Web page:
In addition to South Korea's strides in pop music, the nation is also known for its rich cinematic tradition of which Bong Joon-ho's work is merely the tip of the iceberg. South Korea has also been riding the Hallyu or Korean wave with its popular K-Dramas that have been a staple to many around the world's media diets for decades. With such in-depth knowledge of how to make globally appealing entertainment, are we surprised that the biggest streaming hit also came from South Korea?

4. Western Influence, But Not Too Much of It

Now, on to a more serious topic: Western influence. We don't like to talk about it, but ever since the Korean War, South Korea has been under a lot of American influence due to the military forces which are stationed there.

Additionally, South Korea has a significant Christian population, which also shapes its storytelling traditions. "Hellbound," the next Netflix series to break "Squid Game"'s streak is also from South Korea. However, this series centers around a police investigation into three mysterious monsters who drag wrong-doers to Hell by a certain announced date. If that doesn't sound like a Christian-influenced idea, I don't know what is.

And while, South Korea has had plenty of Western influence over the years, the country as a whole is still wary of it. If you decide to visit South Korea in hopes of joining a "Squid Game"-esque tournament to the death, you will quickly find that Google Maps doesn't work as well there as you'd like. That's because South Korea's government wasn't too fond of the idea of a foreign company (Google) knowing the layout of their entire country. Thus, if you ever visit, be sure to download South Korea's own Naver Maps, and try that instead.

5. A Punishing Industry Willing to Exploit Its Workers

If you're into following entertainment industry news, you may recall that the U.S. struggles with its own punishing industry with the recent IATSE strike that nearly happened. However, this exploitation of workers isn't solely an American problem. South Korea deals with similar issues as well.

Have you ever heard of the K-Drama live-shoot system? The live-shoot system is when a K-Drama's production starts a month or two prior to the series premiere, with the rest of the episodes filmed while episodes are airing so that broadcasters can change the direction of the series to garner better audience response. As you can imagine, under such a system, the cast and crew of K-Dramas can be intensely overworked with all-night shoots being commonplace. Add to that the fact that some of your favorite K-Pop idols also star in your favorite K-Dramas, such as SF9's Rowoon having to shoot Netflix's "The King's Affection" during the promotion period for the SF9 comeback track "Trauma," and you can see how punishing live-shoots can be. Yes, your favorite fluffy romantic shows were made under brutal circumstances. We don't even need to mention the numerous car accidents that happen due to overworked stars trying to get to and from set.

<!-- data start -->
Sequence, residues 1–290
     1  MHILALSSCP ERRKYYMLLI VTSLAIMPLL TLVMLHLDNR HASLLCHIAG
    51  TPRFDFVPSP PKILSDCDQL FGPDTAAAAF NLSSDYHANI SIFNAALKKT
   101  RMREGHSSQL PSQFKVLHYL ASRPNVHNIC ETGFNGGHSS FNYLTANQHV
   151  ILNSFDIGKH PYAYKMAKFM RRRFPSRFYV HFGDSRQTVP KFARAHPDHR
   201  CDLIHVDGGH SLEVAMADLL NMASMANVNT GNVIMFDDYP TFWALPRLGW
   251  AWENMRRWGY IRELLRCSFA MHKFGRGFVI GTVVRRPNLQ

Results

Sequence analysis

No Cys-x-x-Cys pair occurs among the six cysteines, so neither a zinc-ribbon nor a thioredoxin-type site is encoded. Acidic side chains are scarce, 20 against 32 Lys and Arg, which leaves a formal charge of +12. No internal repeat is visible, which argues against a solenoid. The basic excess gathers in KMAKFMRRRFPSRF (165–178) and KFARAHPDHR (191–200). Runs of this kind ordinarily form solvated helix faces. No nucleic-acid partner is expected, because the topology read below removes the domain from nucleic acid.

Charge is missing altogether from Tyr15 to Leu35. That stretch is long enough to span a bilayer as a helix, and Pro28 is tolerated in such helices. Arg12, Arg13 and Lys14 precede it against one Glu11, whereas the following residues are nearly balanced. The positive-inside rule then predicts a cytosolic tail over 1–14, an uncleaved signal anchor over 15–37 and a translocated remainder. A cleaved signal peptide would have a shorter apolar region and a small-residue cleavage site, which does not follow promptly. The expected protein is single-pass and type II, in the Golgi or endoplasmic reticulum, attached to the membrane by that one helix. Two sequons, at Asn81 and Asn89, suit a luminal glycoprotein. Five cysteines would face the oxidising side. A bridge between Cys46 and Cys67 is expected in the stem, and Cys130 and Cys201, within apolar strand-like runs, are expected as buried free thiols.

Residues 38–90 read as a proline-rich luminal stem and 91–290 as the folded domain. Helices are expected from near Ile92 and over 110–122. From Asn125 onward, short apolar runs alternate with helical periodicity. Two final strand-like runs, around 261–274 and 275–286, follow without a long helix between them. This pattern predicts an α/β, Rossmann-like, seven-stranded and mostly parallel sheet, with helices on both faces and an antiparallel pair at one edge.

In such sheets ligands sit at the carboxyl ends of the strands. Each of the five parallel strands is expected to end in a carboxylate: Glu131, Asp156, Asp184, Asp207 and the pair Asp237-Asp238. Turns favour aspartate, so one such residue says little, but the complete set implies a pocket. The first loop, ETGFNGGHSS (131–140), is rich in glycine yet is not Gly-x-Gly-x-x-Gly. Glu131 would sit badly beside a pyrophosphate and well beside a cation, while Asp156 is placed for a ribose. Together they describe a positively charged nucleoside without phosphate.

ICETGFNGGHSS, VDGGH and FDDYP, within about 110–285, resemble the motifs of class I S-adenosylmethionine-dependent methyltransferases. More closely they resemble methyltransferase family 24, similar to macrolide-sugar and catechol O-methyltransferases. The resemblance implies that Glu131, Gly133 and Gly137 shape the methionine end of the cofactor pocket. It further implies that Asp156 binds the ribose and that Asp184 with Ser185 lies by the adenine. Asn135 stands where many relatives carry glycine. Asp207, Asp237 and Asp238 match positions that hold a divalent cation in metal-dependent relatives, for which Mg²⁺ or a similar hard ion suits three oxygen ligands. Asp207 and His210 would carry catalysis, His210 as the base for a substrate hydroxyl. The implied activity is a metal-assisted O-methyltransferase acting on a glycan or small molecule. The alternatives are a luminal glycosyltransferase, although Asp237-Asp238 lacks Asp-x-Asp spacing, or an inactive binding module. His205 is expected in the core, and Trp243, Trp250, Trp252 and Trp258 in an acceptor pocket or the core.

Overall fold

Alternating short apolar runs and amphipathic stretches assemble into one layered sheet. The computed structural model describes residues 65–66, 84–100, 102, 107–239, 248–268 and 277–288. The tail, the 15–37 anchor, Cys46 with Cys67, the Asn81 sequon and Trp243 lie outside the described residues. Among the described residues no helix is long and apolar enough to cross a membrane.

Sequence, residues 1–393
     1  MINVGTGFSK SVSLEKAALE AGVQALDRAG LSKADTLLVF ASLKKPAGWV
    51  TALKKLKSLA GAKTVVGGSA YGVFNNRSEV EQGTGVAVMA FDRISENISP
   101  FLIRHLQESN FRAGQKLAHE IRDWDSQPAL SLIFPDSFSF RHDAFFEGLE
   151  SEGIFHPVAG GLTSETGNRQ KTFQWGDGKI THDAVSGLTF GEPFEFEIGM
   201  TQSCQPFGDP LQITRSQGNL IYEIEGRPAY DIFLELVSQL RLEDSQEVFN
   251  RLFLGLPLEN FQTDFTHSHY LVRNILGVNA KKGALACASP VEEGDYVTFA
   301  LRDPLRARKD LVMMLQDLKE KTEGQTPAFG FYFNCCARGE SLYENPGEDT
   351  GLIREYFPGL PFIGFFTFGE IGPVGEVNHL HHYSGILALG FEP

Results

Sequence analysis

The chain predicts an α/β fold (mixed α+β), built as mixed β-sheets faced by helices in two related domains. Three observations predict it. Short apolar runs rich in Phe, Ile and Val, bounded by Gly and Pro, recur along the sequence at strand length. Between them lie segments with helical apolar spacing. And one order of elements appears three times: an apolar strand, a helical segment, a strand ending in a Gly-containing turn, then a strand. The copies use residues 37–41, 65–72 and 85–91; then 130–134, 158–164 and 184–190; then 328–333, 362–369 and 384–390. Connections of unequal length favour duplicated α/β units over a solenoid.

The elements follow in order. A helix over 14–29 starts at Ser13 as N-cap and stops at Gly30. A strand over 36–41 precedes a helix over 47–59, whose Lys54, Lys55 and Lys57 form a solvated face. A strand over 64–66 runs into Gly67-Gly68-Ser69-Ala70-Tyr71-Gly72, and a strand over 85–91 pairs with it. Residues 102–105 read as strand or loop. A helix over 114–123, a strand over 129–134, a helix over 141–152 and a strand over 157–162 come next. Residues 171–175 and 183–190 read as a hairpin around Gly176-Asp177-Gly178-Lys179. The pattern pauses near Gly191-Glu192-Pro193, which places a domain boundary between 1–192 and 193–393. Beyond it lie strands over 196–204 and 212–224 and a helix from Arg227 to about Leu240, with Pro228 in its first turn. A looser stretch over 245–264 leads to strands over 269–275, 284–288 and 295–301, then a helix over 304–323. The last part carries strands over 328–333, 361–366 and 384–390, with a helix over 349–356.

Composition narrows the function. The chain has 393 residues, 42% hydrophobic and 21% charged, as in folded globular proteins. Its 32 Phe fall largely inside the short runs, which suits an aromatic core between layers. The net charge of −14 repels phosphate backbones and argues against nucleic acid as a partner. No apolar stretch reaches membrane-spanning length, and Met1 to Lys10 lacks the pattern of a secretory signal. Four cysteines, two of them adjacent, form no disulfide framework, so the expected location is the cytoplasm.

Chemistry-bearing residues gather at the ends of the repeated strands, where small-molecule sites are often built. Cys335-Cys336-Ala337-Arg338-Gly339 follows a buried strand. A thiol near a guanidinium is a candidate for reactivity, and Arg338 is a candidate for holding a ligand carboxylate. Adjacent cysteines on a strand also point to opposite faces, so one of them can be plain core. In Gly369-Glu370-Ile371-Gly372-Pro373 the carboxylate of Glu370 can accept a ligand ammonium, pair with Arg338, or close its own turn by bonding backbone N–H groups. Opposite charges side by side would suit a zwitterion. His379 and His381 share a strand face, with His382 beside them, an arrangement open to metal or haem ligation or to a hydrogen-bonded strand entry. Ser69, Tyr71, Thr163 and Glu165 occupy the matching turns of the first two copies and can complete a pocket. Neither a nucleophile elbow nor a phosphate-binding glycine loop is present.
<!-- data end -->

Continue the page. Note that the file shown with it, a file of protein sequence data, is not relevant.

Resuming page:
All of these factors figure into how South Korea became the powerhouse entertainment provider that it is today. However, will the next "Squid-Game"-sized sensation once again hail from South Korea?

So, Which Country Will Make the Next International Show That's a Global Hit?

If you ask for my guess? Japan.

Let's go through each of the points above and see why Japan may be the country up next to create the next big global entertainment phenomenon. And, with Netflix unveiling a massive Japanese-language expansion, there are more and more reasons to believe that the land of the Rising Sun is where we should put our hopes.

 1. An Eye for the International Market

True its history of isolationism, Japan has traditionally been a closed-off market that mostly focused on creating for domestic fans, which is seriously impressive considering that Japan has the second largest music market after the U.S. and third biggest cinema market behind China and North America.

However, after the COVID-19 pandemic disrupted traditional methods of earning profits, entertainment companies in Japan began to finally look outward. Consider that prior to the pandemic, Johnny's Entertainment, the home of Japan's boybands (yes, basically all of them!) didn't start opening up YouTube channels for its artists to hold virtual concets and release music videos until they established the SixTONES YouTube channel in August 2019, Similarly, Johnny's artists were not allowed social media until 2019 as well, with SixTONES creating their first Instagram post on August 8, 2019.

While this sudden leap into the present might be interpreted as Japan playing catch up, this change in view on where their audience lies coincides well with the search for the next international hit series. As the country sees the rise of "Squid Game," Japanese creators will also start thinking of ways to create works that are appeal to the outside and domestic fans, especially since many of the genres popularized by South Korean properties either have Japanese source materials or are inspired by Japanese properties. Iconic K-Drama "Boys Over Flowers" is an adaptation of the Japanese manga "Hana Yori Dango," and we still refer to "Squid Game" as a "Battle Royale"-esque series, which is a reference to the Japanese movie released in 2000. Hwang Dong-hyuk has cited the Japanese manga "Liar Game" as a particular influence to "Squid Game" as well.